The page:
Description of the PhD thesis project
While tumors include very heterogeneous
neighbour cells, early embryonic tissues are often patterned in a graded manner
with fields of similar cells. However, recent single cell (SC) transcriptomics
uncover micro-heterogeneities in otherwise similar cells, which could prefigure
patterning transitions or cell behaviors such as epithelial-mesenchymal
transition (EMT) and cell migration. It remains unknown if cells differing only
by few specific gene expressions are neighbors forming a mosaic tissue or
organized in homogeneous groups spatially.
This question especially applies to
transitional tissues such as the neural crest or metastases and is critical to
understand development or the aberrant reactivation of embryonic programs in
cancer. Spatial transcriptomics is a key emerging approach revealing combined
gene expressions in single cells in their in vivo environment. We focus on the
control of neural crest patterning, EMT and cell migration in embryos and on
metastasis in cancer. Our SC analyses point at specific gene co-expressions at
the individual cell level to control these processes.
This Ph.D. project will establish a temporal
single cell map of gene co-expression in these processes, using SC
transcriptomes, spatial SC imaging, and crispr-cas9-guided genetic
perturbations both in xenopus embryos and a zebrafish model of metastasis. It
will be conducted at Institut Curie with secondments and co-supervision of
academic (USA) and industrial (France) supervisors.
This Ph.D. project is fully integrated in the
team's larger project and benefits from preliminary data and well-established
approaches mastered by the team or the collaborators. This project will focus
specifically on a key patterning event defined from our recent single cell (SC)
analyses, identifying an important cell state transition in cranial neural
crest cells, and potentially driving their highly invasive character (they
massively populate long-distance tissues forming our vertebrate head). This
program involves several neural crest derivatives (pigment, neurons, bone...),
and the interplay between fate choices and migratory behaviors will be
The first objective will establish the spatial
molecular map of gene co-expressions at SC level, by integrating a highly
structured team steered by our group (funded ANR project), which establishes
spatial transcriptomics to detect multiple gene co-expressions during early
development. This map will reveal the spatial organization of the cells
undergoing fate and behavior decisions, driving hypotheses for experimental
perturbations in vivo.
Second objective will use experimental
embryology tools to understand the logic of these regulations in the controlled
context of embryonic EMT.
Third objective will use human melanoma cell
lines well characterized in the team to evaluate if the identified gene
co-expressions are reactivated in those cells and if they are involved in the
cell’s invasiveness in vivo.
International, interdisciplinary &
intersectoral aspects of the project
International co-supervision by Prof. Leon
Peshkin, Harvard Medical School, Systems Biology Department, with whom we have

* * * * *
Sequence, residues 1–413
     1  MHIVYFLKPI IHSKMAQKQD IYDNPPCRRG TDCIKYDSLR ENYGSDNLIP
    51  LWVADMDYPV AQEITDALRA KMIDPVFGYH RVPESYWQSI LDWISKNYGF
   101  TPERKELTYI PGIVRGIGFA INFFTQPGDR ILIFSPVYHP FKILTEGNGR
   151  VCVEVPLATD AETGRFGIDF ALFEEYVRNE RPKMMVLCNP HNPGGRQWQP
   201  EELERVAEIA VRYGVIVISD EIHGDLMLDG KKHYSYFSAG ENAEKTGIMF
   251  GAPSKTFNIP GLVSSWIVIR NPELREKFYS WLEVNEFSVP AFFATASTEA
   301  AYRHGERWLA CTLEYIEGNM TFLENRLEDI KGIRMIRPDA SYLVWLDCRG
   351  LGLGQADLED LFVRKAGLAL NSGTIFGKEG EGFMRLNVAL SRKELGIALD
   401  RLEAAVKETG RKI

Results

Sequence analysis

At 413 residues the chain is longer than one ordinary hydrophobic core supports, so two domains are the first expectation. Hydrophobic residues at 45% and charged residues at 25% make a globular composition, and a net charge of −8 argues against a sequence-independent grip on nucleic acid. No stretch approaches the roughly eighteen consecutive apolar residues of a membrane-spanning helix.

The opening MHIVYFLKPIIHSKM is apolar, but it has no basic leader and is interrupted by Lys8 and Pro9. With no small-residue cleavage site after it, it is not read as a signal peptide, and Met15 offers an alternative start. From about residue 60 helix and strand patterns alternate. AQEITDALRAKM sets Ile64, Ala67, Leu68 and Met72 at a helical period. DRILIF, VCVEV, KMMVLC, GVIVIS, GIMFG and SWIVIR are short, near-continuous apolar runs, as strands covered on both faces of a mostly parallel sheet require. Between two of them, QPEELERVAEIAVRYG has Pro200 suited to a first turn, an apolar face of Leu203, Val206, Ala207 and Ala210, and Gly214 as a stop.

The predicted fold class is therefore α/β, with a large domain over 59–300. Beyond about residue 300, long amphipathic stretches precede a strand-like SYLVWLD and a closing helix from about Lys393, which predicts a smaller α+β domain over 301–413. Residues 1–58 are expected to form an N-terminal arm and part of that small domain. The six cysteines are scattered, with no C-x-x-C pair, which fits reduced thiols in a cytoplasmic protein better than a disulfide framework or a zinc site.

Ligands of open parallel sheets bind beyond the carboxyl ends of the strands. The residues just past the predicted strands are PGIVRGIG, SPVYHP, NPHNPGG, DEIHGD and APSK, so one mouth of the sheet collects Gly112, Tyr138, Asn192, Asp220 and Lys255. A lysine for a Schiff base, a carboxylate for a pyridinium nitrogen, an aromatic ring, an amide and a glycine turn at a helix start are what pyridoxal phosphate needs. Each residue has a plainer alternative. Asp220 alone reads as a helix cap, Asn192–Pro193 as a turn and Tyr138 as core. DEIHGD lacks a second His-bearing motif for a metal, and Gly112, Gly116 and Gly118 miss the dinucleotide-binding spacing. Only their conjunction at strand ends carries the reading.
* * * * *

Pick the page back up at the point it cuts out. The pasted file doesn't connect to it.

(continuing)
a long-standing collaboration (article on single cell transcriptomics in
developing neural crest currently in revision, second article being written).
The PhD student will visit for one-month secondment and do analysis of SC data.
Collaboration and secondment at industrial
(SME) partner (Azelead, Montpellier, France) who has a patented model of in
vivo metastasis for melanoma cells in zebrafish. We have an on-going
collaboration with them (ITN network that I coordinate) and two current
collaborations with current PhD students in the lab. PhD candidate will do 2
one-month secondments in the industrial partner
Ph. D. Student will receive training in
bioinformatics and statistics to be able to understand, use and modify the
team’s custom-made pipelines for single cell transcriptome analysis; will also
receive training in advanced imaging, in vivo (spatial transcriptomics and cell
migration). PhD student in parallel will be trained in biology (in vivo and in
vitro cell and developmental biology).
M, Pla P, Monsoro-Burq AH*. BMP
signaling is enhanced intracellularly by FHL3 controlling WNT-dependent
spatiotemporal emergence of the neural crest. Cell Rep. 2021 Jun 22;35(12):109289. doi: 10.1016/j.celrep.2021.109289. PMID: 34161771.
B Artinger*, Anne H Monsoro-Burq*. Neural crest multipotency and specification:
power and limits of single cell transcriptomic approaches. Faculty Reviews 2021
10:(38) (14 Apr 2021). https://doi.org/10.12703/r/10-38
- Scerbo P and Monsoro-Burq A.H.* (2020) The
vertebrate-specific VENTX/NANOG gene empowers neural crest with ectomesenchyme
potential, Science Advances 29 Apr 2020: Vol. 6, no. 18, eaaz1469 DOI: 10.1126/sciadv.aaz1469, PMID: 32494672
- Plouhinec JL, Medina-Ruiz S,
Borday C, Bernard E, Vert JP, Eisen MB, Harland RM, Monsoro-Burq AH*. A
molecular atlas of the developing ectoderm defines neural, neural crest,
placode, and nonneural progenitor identity in vertebrates. PLoS Biol. 2017 Oct 19;15(10):e2004045. doi: 10.1371/journal.pbio.2004045.
eCollection 2017 Oct. PubMed PMID: 29049289; PubMed Central PMCID: PMC5663519.
AL, Maczkowiak F, Borday C, Pla P, Sittewelle M, Pegoraro C, Monsoro-Burq AH*. PFKFB4
control of AKT signaling is essential for premigratory and migratory neural
crest formation. Development. 2017 Nov 15; 144(22):4183-4194. doi:
10.1242/dev.157644. Epub 2017 Oct 16. PubMed PMID: 29038306.